5310. Systems Engineering Design. This course is an introduction to system design of complex hardware and software systems. Specific topics include design concept, design characterization, design elements, reviews, verification and validation, threads and incremental design, unknowns, performance, management of design, design metrics, and teams. The class will center on the development of real-world examples.
5320. Systems Engineering Management. Concepts, Processes, Best Practices, methods and Techniques for management of the systems engineering process from need, through concepts exploration, demonstration & validation, engineering and design and test & evaluation to ensure cost, schedule and technical performance. Specific Topics include: Systems Engineering Management Plan (SEMP) and Integrated Master Program Schedule (IMPS), Technical Performance Measures, Organizing for Systems Engineering, Integrated Product & Process Development (IPPD) and Supplier Evaluation, Selection & Control.
5330. Systems Reliability Engineering. An in-depth coverage of tasks, processes, methods and techniques for achieving & maintaining the required level of system reliability considering operational performance, Customer satisfaction and affordability. Specific topics include: Establishing System Reliability requirements, reliability program planning, system reliability modeling & analysis, system reliability design guidelines & analysis, system reliability test and evaluation, and maintaining inherent system reliability during production & operation.
5340. Logistics Systems Engineering. An introduction to concepts, methods and techniques for engineering and development of logistics systems associated with product production/manufacturing, product order and service fulfillment, and product/service/customer support, utilizing system engineering principles and analyses. Specific topics include: logistics systems requirements, logistics systems design & engineering concurrently with product and service development, transportation & distribution, supply/material support, supply web design & management and product/service/customer support.
5360. Management of Information Technologies. Defines the management activities of the overall computer resources within an organization or government entity. Consists of current topics in strategic planning of computer resources, budgeting and fiscal controls, design and development of information systems, personnel management, project management, rapid prototyping, and system life cycles.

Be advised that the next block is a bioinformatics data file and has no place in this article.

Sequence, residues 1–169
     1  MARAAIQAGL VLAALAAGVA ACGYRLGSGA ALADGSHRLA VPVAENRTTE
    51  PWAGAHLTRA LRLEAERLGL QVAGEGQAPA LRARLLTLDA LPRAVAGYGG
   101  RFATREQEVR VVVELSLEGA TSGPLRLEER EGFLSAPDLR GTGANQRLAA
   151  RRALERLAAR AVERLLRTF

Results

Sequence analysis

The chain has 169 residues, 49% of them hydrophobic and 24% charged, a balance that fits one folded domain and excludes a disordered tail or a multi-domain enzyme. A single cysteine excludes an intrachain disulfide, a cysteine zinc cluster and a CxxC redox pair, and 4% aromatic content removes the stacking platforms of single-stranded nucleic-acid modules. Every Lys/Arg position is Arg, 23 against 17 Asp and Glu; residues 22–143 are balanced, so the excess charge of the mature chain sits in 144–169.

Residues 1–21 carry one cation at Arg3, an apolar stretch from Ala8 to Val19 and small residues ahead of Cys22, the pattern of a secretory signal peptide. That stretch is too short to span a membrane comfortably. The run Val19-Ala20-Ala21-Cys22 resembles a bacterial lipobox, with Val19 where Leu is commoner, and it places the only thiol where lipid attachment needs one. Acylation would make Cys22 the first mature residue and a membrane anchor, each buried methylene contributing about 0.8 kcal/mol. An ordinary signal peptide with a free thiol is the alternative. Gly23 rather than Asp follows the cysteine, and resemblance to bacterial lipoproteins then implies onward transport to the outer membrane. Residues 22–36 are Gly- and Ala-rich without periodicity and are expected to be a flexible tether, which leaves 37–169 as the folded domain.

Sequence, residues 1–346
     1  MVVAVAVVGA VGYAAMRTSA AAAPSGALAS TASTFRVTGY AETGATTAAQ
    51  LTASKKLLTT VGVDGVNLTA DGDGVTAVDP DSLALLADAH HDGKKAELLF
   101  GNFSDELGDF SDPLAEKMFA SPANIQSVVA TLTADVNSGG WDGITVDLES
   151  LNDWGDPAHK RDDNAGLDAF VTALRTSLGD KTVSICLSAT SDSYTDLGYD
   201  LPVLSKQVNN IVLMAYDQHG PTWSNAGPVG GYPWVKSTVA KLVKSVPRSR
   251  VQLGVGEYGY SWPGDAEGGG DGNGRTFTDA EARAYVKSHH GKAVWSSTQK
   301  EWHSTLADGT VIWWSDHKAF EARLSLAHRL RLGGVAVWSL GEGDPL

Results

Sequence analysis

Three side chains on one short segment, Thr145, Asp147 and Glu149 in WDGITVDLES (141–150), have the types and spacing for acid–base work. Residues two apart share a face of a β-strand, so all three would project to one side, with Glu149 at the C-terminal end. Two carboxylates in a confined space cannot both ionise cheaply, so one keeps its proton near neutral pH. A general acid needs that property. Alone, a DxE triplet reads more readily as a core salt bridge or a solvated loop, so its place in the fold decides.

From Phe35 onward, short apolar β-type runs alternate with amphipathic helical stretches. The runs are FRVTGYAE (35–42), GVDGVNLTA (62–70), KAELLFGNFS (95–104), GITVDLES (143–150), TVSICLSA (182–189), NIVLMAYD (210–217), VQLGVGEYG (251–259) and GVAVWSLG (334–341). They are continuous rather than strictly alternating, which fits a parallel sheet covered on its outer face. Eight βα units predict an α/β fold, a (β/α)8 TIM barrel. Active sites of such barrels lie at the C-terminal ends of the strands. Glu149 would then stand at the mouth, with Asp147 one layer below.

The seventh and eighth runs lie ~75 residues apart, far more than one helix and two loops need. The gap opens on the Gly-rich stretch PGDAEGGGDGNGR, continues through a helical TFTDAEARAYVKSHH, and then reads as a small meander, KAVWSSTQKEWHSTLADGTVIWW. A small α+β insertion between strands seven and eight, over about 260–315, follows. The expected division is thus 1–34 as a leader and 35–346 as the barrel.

5361. Computer Simulation Techniques. Introduction to the design and analysis of discrete probabilistic systems using simulation. Emphasizes model construction and a simulation language. 1.5 TCH Design. Prerequisites: Programming ability, introduction to probability or statistics.
5362. Production and Operations Management. A survey of models and methods for designing and implementing quality-based, integrated, production/distribution systems. Topics include demand forecasting, product mix decisions, distribution systems, facilities location and layout, scheduling, inventory and materials management, just-in-time, and quality control for manufacturing and service operations. Prerequisite: C- or better in EMIS 3360.
5364 (STAT 5344). Statistical Quality Control. A comprehensive introduction to the statistical quality‑control methods that underlie the modern quality revolution. Statistics and simple probability are used to develop control charts to monitor and improve the quality of an ongoing process, and for acceptance‑sampling plans (including MIL‑STD). Control charts for attributes, variables, and Cusum procedures are defined and applied to everyday problems in manufacturing and service businesses. Prerequisite: EMIS 4340 or 5370.
5369. Engineering Reliability. Topics include reliability, replacement and maintenance models, failure distributions and reliability functions, and process and product control problems. 1 TCH Design. Prerequisite: C- or better in EMIS 4340 or 5370.
5370 (STAT 5340). Statistical Probability and Statistics for Scientists and Engineers. Introduction to fundamentals of probability and distribution theory, statistical techniques used by engineers and physical scientists. Examples of tests of significance, operating characteristic curves, tests of hypothesis about one and two parameters, estimation, analysis of variance, and the choice of a particular experimental procedure and sample size. Prerequisite: C- or better in MATH 2339 or equivalent.
5377 (STAT 5377). Statistical Design and Analysis of Experiments. Introduction to statistical principles in the design and analysis of industrial experiments. Completely randomized, randomized complete and incomplete block, Latin square, and Plackett-Burman screening designs. Complete and fractional factorial experiments. Descriptive and inferential statistics. Analysis of variance models. Mean comparisons. Prerequisites and corequisites: C- or better in EMIS 4340 and senior standing with a Science or Engineering major, or permission of instructor.
5(1-3)9(0-4). Special Topics. Individual or group study of selected topics in management science. Prerequisite: Permission of instructor.